Adult Stem Cells and Regeneration
Nadia Rosenthal, senior scientist at the European Molecular Biology Laboratory, discusses newly emerging discoveries that may indicate just how flexible adult stem cells may be in their ability to produce divergent cells in the body. Unlike animals such as sea stars, humans have a more limited ability to regenerate parts of the body but newly emerging research may help solve the evolutionary puzzle of why mammals have such limited powers of regeneration.
An adult stem cell is thought to be an undifferentiated cell, found among differentiated cells in a tissue or organ that can renew itself and can differentiate to yield some or all of the major specialized cell types of the tissue or organ. The primary roles of adult stem cells in a living organism are to maintain and repair the tissue in which they are found.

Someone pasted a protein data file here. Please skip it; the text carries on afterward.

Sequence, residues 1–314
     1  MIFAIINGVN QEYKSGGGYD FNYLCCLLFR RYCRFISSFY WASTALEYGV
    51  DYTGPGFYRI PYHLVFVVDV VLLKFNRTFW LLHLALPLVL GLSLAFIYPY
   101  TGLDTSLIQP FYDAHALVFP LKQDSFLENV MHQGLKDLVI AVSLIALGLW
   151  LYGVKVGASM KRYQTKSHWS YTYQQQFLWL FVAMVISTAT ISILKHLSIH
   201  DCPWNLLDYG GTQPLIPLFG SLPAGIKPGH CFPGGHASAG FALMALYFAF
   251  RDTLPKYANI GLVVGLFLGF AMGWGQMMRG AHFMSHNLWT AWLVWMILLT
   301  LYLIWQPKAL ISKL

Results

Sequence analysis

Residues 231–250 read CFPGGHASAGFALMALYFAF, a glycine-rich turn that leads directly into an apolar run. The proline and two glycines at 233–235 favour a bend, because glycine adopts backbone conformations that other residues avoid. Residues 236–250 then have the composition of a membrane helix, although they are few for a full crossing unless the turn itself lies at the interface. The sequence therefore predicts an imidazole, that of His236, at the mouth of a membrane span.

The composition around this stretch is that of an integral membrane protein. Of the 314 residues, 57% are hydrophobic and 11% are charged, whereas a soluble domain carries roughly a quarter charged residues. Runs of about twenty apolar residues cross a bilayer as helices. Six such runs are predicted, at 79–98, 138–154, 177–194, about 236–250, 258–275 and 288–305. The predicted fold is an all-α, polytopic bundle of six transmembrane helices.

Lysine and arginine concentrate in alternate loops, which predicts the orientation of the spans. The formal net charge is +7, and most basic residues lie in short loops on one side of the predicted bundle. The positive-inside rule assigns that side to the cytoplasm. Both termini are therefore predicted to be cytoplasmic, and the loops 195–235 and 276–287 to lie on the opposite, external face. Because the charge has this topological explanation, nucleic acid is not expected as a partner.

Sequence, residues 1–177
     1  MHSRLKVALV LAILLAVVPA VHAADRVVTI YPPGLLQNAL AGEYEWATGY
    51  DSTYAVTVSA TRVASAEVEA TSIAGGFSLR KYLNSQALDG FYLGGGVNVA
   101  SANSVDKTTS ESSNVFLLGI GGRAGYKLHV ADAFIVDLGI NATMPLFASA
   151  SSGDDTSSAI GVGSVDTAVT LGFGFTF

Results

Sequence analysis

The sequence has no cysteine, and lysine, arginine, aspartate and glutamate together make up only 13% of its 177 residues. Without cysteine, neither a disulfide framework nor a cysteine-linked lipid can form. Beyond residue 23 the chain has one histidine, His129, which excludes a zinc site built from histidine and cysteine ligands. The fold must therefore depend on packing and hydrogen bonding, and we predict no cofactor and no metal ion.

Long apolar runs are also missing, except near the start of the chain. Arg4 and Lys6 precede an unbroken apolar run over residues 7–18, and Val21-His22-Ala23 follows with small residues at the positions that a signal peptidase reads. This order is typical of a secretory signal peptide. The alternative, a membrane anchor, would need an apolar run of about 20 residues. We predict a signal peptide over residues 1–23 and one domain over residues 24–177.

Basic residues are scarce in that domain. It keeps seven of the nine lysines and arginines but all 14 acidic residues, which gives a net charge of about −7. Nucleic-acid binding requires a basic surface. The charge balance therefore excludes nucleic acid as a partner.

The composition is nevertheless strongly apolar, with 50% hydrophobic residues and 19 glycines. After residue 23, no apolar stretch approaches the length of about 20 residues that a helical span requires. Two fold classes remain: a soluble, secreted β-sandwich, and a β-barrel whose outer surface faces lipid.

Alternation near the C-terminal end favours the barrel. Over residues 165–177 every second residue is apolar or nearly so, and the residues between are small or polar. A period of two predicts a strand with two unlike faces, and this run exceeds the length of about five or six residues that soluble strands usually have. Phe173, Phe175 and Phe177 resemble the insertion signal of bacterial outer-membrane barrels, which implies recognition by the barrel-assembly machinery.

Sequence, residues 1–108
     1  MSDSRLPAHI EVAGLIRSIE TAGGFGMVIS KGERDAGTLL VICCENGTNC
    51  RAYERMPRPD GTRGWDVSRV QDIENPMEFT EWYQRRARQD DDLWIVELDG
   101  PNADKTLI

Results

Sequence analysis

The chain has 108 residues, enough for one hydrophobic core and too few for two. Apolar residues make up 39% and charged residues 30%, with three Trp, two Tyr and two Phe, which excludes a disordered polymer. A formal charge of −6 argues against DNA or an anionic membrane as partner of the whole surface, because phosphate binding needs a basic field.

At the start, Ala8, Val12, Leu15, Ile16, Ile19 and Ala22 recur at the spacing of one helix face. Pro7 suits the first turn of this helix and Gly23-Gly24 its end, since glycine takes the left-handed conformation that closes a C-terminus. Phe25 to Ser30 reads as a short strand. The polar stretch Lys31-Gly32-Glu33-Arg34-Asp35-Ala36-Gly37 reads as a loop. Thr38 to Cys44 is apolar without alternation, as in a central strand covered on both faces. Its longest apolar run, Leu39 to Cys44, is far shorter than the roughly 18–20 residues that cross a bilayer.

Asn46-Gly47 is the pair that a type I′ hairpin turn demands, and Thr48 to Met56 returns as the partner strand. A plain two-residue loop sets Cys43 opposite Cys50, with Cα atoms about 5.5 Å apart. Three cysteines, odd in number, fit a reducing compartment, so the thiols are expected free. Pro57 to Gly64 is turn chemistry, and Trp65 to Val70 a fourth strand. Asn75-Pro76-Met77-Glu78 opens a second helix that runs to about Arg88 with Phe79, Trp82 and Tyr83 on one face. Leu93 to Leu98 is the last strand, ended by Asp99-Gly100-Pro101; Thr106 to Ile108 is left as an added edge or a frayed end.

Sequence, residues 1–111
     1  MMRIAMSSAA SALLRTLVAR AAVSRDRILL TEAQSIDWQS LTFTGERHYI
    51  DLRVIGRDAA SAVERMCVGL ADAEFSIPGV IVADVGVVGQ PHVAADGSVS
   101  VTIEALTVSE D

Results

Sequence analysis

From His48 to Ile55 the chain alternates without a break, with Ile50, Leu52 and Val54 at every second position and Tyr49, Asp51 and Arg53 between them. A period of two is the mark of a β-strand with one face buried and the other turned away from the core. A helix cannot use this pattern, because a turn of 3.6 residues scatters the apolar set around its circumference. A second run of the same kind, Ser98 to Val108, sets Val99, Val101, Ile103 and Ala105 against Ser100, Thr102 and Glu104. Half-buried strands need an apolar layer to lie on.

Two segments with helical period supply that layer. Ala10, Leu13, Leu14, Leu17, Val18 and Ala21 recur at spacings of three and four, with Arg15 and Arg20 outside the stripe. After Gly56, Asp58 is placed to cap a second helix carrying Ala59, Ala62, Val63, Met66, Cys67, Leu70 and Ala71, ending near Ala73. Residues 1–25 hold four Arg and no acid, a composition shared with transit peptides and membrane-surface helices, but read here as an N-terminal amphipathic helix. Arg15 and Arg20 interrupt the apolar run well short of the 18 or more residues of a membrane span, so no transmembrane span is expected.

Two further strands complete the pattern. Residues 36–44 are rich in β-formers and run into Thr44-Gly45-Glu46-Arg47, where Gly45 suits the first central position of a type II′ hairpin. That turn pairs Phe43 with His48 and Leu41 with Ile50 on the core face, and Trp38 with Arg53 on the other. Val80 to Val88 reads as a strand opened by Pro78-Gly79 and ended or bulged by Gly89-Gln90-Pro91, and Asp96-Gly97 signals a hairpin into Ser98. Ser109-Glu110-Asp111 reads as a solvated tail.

Scientists also use the term somatic stem cell instead of adult stem cell, where somatic refers to cells of the body (not the germ cells, sperm or eggs). Unlike embryonic stem cells, which are defined by their origin (cells from the preimplantation-stage embryo), the origin of adult stem cells in some mature tissues is still under investigation.